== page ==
Canadian Journal of Criminology and Criminal Justice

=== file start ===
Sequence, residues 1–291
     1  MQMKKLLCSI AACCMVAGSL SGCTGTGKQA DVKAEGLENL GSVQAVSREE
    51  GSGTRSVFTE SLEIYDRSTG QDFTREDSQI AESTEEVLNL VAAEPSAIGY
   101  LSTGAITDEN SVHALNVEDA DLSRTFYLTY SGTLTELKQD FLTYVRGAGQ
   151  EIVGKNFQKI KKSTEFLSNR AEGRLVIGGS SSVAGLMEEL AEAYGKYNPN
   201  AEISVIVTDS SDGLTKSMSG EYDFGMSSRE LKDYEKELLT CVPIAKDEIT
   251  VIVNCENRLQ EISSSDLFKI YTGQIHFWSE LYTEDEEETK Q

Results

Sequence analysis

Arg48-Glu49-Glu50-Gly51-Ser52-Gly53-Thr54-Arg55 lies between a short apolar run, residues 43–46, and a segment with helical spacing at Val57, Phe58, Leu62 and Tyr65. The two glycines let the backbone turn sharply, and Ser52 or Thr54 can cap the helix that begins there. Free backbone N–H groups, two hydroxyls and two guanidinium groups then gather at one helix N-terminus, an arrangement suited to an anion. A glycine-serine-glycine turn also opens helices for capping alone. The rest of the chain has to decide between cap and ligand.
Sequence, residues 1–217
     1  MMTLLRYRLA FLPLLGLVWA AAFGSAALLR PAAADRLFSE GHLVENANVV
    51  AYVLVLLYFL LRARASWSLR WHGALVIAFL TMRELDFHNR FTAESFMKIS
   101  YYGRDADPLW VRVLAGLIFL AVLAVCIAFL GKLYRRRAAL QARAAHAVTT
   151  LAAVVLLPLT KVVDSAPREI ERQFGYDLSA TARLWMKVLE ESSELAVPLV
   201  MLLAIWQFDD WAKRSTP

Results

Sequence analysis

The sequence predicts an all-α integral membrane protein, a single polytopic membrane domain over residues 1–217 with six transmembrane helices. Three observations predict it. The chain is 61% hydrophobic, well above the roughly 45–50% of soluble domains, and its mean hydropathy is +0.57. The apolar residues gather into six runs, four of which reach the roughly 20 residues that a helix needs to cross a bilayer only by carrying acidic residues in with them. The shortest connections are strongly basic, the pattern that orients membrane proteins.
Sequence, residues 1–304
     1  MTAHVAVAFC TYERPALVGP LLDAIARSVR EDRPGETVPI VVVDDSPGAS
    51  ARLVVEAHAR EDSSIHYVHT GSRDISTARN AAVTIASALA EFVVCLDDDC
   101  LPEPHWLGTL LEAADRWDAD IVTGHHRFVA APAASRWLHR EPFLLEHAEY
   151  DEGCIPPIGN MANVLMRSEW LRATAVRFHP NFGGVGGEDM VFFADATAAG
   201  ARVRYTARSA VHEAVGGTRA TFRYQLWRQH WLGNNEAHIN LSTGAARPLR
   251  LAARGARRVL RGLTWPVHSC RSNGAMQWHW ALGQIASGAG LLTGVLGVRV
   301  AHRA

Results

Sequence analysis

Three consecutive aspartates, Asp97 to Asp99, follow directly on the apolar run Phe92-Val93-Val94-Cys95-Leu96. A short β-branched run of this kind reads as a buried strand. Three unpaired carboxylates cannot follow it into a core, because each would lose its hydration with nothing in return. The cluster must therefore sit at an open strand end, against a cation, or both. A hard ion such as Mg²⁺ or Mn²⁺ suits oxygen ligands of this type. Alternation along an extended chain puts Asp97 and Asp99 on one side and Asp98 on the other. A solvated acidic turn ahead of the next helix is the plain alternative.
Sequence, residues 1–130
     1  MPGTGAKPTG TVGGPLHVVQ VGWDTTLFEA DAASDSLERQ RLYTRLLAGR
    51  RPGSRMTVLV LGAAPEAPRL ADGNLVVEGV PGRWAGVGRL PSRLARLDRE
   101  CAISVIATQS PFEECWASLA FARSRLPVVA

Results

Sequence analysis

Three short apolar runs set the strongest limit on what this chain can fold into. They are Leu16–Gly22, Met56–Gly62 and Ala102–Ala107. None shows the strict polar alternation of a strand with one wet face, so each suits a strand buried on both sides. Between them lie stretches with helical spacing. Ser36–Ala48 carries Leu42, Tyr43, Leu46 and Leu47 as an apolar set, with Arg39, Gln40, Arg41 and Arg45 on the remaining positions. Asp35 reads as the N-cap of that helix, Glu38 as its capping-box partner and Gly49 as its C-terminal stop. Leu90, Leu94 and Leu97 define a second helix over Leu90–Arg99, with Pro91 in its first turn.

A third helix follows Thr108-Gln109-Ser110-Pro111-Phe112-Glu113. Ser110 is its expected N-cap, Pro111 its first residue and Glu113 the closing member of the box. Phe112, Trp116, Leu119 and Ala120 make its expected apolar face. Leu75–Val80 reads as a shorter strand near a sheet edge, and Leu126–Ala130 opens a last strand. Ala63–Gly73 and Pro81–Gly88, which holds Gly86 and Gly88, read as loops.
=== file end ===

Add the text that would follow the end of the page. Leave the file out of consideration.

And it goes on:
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Sufficient research now exists in the psychology of criminal conduct literature to address the long-term impact of early childhood and adolescent experiences on later adult outcomes. In the present meta-analysis, selected studies were prospective and longitudinal, tracking a variety of early childhood and family factors that could potentially predict later involvement in the adult criminal justice system. Thirty-eight studies met the selection criteria. Major findings indicate that dynamic versus static predictors are related to later adult criminal justice involvement. The older the child was at the time the predictor was measured, the stronger was the relationship to adult offending. Within the set of dynamic predictors, childhood and adolescent factors that rate most highly include a variety of behavioural concerns including early identification of aggression, attentional problems, motor restlessness, and attention seeking. Emotional concerns consistent with depression including withdrawal, anxiety, self-deprecation, and social alienation are also represented. Predictors also included family descriptors such as a variety of negative parenting strategies including coerciveness, authoritarian behaviours, lack of child supervision, and family structure variables such as witnessing violence, inter-parental conflict, family stressors, and poor communication. Results are discussed in relation to prevention strategies for targeted services that influence the probability of antisocial outcomes for children into adulthood.